May 25, 2012
Closing Remarks by H.E. Mr. Hasan Kleib, Deputy-Minister for Multilateral Affairs, Ministry of Foreign Affairs of Indonesia, at the 13th Session of the Working Group Meeting on Universal Periodic Review for Indonesia
Let me first of all sincerely thank our troika from Guatemala, Kyrgyzstan, and Botswana as well as the Secretariat for their diligent work in preparing the report of the UPR Working Group on Indonesia. My appreciation also goes to Ambassador Mothusi Rabasha Palai of Botswana for presenting the report on behalf of the Troika.
Allow me also to thank the delegations from 74 countries for their active participation and valuable contributions to the consideration of our report.
The interest they have shown in our country`s human rights situation is highly appreciated. Their manifest commitment to constructive dialogue and cooperation is commendable.
Our interactive dialogue last Wednesday has enabled my delegation to share with the international community what we have achieved in implementing our obligations in the field of human rights.
We strive to continue to make progress.
We are pleased to acknowledge appreciation expressed by various delegations over progress so far we made.
We, however, are mindful that the promotion and protection of human rights is a continuing process.
Like other countries, including democracies, well-established as well as those in transitions, we are conscious that the promotion and protection of human rights in Indonesia is not without challenges.
We objectively acknowledge where gaps and shortcomings are still prevalent.
Nevertheless, we will persevere diligently as the promotion and protection of human rights is a continuing process. We, therefore, will continue to keep improving and evaluating our efforts.
We appreciate questions raised and concerns expressed as well as recommendations submitted during the deliberation of our national report.
Indeed, our interactive dialogue helps further identify areas where we need to enhance our efforts to advance the cause of human rights.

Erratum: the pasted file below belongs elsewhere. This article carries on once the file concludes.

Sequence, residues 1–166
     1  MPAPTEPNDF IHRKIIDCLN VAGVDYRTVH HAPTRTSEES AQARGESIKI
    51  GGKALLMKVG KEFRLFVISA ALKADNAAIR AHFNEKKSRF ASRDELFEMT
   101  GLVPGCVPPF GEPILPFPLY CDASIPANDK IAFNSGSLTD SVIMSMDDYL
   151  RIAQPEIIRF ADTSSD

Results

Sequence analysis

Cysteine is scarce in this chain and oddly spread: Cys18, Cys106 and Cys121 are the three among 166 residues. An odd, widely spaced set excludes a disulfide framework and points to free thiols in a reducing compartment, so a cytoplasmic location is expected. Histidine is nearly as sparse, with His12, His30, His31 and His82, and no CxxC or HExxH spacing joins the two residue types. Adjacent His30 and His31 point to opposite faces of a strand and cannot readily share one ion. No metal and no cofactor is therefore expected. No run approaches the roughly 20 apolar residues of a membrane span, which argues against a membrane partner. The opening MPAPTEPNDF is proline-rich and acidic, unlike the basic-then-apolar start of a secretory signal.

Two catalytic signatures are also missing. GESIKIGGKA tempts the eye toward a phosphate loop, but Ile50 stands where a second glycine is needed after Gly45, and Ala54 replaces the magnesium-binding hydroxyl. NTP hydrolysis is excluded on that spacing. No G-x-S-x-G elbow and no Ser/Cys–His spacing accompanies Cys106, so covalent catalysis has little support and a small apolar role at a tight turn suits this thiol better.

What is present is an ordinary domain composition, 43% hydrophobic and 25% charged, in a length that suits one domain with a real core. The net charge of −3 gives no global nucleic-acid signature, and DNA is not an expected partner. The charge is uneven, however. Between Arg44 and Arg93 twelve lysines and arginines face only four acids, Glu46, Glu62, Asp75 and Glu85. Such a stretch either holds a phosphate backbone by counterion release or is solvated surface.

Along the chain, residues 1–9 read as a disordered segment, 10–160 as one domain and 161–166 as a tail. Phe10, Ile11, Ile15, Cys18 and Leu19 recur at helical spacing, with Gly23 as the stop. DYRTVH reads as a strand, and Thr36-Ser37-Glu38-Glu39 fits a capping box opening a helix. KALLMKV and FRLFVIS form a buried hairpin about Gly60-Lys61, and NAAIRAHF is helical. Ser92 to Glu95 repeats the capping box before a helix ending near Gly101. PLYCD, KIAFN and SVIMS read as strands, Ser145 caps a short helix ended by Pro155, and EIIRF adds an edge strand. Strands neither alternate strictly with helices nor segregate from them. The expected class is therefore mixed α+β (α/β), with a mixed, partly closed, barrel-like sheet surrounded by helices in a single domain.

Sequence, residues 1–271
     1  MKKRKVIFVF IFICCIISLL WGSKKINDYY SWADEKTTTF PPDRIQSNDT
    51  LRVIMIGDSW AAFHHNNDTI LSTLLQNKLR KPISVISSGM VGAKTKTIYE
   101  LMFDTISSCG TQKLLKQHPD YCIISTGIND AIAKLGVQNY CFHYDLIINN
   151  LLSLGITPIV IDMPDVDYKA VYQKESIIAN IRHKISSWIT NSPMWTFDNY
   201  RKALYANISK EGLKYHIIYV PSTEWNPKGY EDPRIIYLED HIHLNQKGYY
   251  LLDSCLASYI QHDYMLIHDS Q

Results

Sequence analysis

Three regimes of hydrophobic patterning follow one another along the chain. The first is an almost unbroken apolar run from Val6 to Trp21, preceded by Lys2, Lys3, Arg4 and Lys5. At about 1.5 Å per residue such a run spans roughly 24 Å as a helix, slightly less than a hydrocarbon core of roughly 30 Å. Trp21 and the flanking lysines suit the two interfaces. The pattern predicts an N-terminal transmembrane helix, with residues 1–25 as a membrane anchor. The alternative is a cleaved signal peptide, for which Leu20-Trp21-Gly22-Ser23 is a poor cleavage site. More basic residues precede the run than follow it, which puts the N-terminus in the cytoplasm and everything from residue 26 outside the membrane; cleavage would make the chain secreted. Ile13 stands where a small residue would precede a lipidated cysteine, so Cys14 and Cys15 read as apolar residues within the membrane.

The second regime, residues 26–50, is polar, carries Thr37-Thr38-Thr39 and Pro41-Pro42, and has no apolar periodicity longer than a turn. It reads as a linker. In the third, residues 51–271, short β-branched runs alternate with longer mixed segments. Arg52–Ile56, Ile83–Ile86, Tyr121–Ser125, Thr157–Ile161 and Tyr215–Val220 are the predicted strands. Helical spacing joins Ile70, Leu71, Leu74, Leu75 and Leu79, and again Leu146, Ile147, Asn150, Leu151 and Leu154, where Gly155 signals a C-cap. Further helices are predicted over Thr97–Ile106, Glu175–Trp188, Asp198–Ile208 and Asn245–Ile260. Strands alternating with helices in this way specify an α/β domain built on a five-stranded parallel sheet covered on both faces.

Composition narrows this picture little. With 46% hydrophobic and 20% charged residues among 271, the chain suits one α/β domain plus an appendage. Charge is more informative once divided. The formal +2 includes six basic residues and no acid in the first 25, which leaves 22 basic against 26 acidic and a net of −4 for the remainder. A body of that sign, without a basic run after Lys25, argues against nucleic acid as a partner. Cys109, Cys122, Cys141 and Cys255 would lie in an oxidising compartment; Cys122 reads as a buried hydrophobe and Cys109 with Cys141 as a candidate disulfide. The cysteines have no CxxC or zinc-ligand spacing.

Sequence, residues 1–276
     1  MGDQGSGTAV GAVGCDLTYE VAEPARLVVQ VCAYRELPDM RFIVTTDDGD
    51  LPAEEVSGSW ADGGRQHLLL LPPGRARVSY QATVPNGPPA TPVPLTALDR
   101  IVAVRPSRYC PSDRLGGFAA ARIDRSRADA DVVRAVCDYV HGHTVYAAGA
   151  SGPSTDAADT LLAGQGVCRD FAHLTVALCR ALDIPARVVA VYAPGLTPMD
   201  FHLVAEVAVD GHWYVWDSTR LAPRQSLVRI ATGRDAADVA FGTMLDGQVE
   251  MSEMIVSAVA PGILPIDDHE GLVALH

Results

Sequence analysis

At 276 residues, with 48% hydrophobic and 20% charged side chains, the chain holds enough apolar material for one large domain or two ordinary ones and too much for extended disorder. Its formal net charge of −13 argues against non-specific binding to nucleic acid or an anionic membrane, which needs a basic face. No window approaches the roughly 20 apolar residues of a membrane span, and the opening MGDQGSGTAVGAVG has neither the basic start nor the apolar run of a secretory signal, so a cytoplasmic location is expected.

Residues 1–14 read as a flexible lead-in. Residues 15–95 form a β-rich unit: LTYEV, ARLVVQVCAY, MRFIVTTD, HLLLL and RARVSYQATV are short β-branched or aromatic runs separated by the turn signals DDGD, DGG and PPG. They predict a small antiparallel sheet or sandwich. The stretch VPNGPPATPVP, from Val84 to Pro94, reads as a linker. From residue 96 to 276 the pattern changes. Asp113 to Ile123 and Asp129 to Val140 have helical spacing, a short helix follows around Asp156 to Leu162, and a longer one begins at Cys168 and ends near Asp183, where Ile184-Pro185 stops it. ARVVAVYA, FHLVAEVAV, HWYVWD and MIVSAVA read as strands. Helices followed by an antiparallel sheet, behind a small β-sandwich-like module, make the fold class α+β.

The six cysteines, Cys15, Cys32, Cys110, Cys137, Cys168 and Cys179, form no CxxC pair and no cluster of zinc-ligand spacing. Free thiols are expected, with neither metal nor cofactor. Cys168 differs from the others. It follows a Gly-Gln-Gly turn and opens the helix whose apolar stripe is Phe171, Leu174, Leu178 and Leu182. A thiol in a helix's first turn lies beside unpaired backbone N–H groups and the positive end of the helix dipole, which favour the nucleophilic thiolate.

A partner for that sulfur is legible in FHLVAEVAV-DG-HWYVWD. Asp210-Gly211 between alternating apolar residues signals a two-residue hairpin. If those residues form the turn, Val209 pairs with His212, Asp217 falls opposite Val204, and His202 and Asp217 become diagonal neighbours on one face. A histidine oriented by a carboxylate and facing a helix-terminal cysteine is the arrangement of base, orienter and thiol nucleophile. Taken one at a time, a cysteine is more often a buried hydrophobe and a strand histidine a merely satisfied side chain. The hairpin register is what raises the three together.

From the interactive dialogue, we are able to take stock of 180 recommendations. These recommendations comprise broad spectrum of issues and various aspects of human rights relevant to Indonesia.
We value highly recommendations formulated based on well-informed assessment and understanding of the situation on the ground including the challenges and constraints we are facing.
The greatest benefit that we can take from our exercise under this UPR process is the implementation of its realistic and deliverable recommendations.
Following serious and careful consideration of those recommendations, we are able to accept 144 recommendations.
The majority of accepted recommendations are both in line with Indonesia’s human rights agenda and indeed constitute ongoing efforts, including in the context of the implementation of previous UPR recommendations such as the ratification of various human rights instruments, human rights training and education, as well as promotion and protection of the rights of women and children.
Some relate to the ongoing national efforts to address the current specific challenges in Indonesia. Many challenges are common in various parts of the world, therefore international cooperation is imperative. We regard a number of recommendations as encouragement and support to our efforts to push back evidence of problem of protection and respect related to specific aspects of human rights, including intolerance.
Thirty six recommendations will be further examined due to the following reasons: Firstly, they need further consideration with relevant national stakeholders. Secondly, they reflect inaccuracy in their formulation and lack of understanding of context of the factual situation we are facing on the ground. We have tried to consult with the countries concerned; however, it is apparent that further scrutiny is necessary. In this regard, we can assure you that we will provide responses in due time.
We acknowledge the presence of representatives from our human rights national institutions as well as civil society organizations during our session here.
We value highly their participation and constructive engagement in assesing the whole process of our deliberation on Indonesia. We appreciate very much their expressed commitment to the continued partnership in implementing the outcomes of our UPR deliberation.
We need to translate our UPR outcomes into concrete progress on the ground. Collaboration and partnership among national stakeholders is a must.
The advancement of universal human rights remains a corner stone of our Government’s national priorities. We are committed to striving for a coherent policies and actions of all the government ministries and institutions in this regard.
It is our constitutional mandate to continuously build the culture of respect for human rights for all, in its multicultural, multi-religious and multi-ethnic societies.
We remain committed to our endeavor to promote and protect the human rights of our people. We are consistent in our efforts to mainstream human rights in our state’s policies, and are committed to addressing resolutely any challenges and constraints in advancing the cause of human rights.
Indonesia’s democracy continues to consolidate and to mature. And, by working together with this Council, we seek to make substantial progress in the promotion and protection of human rights.
I thank you, Madam President.
Geneva, 25 May 2012